Bolting On To Hold On

Alteryx had a debt-to-equity ratio of 1.9x in FY12 / 2021. This is not an overly geared balance sheet but does highlight that it is not in a strong position to go shopping for large assets.

The Trifacta deal closed on February 7, 2022. The price was USD400 million in cash and USD75 million in restricted stock units. Although there is no disclosure of how the deal was financed, Alteryx can either go deeper into debt as well as liquidate its long-term investments to fund it. The transaction is quite large for the company, bigger than its current shareholders’ equity. Trifacta itself looks small with an ARR of approximately USD20 million (paying 23.8x price to ARR is expensive) and remains a loss-making business. The acquisitive impact on sales will start from the close date. With the difficulties Alteryx is currently experiencing, we can only conclude that Trifacta owners wanted an exit due to its poor performance or were given an irresistible offer – we believe the truth is somewhere in the middle. What this transaction highlights is that it is unlikely to be a major gamechanger.

Apart from bolt-on acquisitions, management continues to find ways to artificially increase its growth profile. From FY12 / 2022, the company is planning to recognize upfront revenue recognition for its on-premise products to be approximately 50%, up from 40% previously.

We are not sure what management’s end-game is, but it does not look like a particularly positive one if in two years’ time consensus is expecting nearly USD1 billion in sales but generating less than 4% operating margins as a software business.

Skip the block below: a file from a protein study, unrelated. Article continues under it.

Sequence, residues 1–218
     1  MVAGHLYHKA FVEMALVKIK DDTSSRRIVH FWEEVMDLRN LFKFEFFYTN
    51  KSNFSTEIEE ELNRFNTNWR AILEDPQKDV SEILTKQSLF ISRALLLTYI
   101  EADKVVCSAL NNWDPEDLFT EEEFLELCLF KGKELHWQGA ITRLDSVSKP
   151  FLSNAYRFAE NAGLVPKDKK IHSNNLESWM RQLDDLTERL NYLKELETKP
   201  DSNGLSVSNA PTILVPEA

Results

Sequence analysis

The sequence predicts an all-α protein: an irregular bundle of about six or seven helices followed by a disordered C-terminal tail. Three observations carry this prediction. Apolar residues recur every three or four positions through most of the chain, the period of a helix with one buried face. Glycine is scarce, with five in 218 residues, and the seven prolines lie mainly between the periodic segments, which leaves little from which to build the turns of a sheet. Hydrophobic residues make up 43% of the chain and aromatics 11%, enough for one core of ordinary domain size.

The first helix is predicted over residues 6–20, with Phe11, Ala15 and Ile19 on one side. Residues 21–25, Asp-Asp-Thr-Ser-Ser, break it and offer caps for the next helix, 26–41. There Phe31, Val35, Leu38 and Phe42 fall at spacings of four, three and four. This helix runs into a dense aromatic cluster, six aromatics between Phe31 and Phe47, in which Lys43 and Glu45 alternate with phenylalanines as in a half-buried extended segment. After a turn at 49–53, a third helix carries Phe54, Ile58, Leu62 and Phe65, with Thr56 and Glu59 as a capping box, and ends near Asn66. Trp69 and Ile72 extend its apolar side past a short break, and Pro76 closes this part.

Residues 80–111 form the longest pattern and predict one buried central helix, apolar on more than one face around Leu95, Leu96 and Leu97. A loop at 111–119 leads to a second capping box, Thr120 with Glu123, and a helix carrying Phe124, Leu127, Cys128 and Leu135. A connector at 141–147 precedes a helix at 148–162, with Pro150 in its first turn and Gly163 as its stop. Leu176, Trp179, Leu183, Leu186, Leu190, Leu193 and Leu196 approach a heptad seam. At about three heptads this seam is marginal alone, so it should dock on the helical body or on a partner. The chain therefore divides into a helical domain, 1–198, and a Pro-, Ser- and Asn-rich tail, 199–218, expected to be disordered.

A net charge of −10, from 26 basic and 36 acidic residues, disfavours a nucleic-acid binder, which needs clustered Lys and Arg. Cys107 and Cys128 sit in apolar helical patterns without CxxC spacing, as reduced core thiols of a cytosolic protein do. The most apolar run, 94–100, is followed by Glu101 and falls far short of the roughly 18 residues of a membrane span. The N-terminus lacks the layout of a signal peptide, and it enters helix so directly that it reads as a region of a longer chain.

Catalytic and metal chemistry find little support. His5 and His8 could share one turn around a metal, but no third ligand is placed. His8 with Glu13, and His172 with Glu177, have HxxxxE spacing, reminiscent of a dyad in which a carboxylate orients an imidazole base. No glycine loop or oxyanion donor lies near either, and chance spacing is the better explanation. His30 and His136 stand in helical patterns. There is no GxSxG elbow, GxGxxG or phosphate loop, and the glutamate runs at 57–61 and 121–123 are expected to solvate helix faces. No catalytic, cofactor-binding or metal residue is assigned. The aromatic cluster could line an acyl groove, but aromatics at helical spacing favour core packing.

On consensus estimates (please see key financials table above) the shares are trading at a 0.8% free cash flow yield for FY12 / 2023. This is not a cheap valuation and the estimated sales growth profile of 19.8% YoY is not attractive enough to justify this.


One scenario for upside risk is that Alteryx management is successful in finding a suitor. A premium to market price is inevitable when such a deal is announced.

After a year of realigning the business, the outlook could be of improving returns as customers begin to invest in the Alteryx platform as a core element of their analytic needs.

Downside risk comes from a continued decline in net expansion rates as customers choose alternative analytical solutions in the market.

With a heavy strategic emphasis on M&A to deliver growth, Alteryx could issue dilutive financing and / or potentially issue too much debt and pose a credit risk.


CEO Mark Anderson’s accomplishments to date have been limited. Although it is still early days, this competitive analytics industry is moving at a significant pace, and Alteryx’s core problem remains unaddressed – how to make the platform the go-to choice. Until we see a sustained trend of improvement in its key performance metrics, we are skeptical of the shares. We reiterate our Neutral rating.